nature and the realities of society provides payoffs. Some of these rewards are material; a lot of people have secured comfortable lives for themselves as employees and administrators in the failed institutions of American public life. Much of the payoff, however, is psychological and ideological. In the battle of ideas, we must come to terms with the widespread notion that life is an endless parade of victims. The most injurious consequence of this mind-set is the inevitable damage it does to human pride and self-assertiveness.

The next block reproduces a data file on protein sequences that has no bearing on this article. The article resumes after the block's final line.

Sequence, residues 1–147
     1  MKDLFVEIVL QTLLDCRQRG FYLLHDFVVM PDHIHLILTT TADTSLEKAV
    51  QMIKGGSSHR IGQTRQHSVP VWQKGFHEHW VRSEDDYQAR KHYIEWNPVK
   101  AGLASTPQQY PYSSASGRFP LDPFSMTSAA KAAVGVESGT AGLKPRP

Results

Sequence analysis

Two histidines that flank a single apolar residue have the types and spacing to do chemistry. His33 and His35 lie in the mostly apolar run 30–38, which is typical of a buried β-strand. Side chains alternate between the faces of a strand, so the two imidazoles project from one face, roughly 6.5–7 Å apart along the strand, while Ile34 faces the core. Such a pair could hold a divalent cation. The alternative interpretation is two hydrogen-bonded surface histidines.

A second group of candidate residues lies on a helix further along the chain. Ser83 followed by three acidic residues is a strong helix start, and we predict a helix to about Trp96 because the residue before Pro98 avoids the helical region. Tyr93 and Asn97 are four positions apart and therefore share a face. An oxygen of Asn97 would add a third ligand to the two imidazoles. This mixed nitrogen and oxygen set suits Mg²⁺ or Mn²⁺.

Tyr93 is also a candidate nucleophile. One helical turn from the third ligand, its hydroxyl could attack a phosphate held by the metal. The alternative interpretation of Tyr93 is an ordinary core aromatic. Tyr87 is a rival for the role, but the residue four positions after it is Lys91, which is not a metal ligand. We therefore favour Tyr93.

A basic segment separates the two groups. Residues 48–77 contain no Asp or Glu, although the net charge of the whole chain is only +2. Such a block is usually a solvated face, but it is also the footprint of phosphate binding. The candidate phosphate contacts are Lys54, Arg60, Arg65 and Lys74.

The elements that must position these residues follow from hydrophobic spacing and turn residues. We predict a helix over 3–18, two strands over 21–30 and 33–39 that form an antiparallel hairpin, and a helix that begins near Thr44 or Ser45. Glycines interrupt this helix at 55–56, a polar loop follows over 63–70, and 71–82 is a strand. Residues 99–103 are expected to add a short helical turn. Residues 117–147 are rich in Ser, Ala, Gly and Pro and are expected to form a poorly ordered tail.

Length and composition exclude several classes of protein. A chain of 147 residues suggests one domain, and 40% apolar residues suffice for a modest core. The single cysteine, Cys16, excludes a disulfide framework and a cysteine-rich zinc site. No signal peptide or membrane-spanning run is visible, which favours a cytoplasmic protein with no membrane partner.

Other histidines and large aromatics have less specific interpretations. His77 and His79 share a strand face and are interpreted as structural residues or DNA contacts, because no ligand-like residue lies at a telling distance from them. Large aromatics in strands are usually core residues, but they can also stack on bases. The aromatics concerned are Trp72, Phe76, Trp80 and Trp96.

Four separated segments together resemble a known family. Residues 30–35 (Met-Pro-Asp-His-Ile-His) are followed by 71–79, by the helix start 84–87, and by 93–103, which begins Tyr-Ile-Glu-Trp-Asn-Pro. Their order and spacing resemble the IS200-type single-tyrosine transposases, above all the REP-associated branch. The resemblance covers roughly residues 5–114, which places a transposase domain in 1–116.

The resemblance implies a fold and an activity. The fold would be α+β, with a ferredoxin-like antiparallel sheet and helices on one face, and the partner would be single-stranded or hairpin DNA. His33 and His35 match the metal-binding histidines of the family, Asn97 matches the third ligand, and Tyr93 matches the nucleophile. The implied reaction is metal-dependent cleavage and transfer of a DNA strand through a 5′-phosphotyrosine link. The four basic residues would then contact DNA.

The repetition in television constitutes its art and its form. By contrast the repetition of mistaken social and cultural tenets constitutes an assault upon the human spirit and its deepest longings for liberty, choice, and a genuine sense of self-worth. Two central issues confront society: (1) What is the proper role of the state? and (2) How can individual initiative, freedom, and choice be maximized? Only to the extent that public policy is pushed toward risk-taking that results in wide ranging educational reform and changes in American law to decriminalize activities that are not directly injurious to others can society be effectively redirected. To the extent that change is needed and reform is long overdue, it is because our educational system is poor and our laws are flawed. What's on television has nothing to do with it.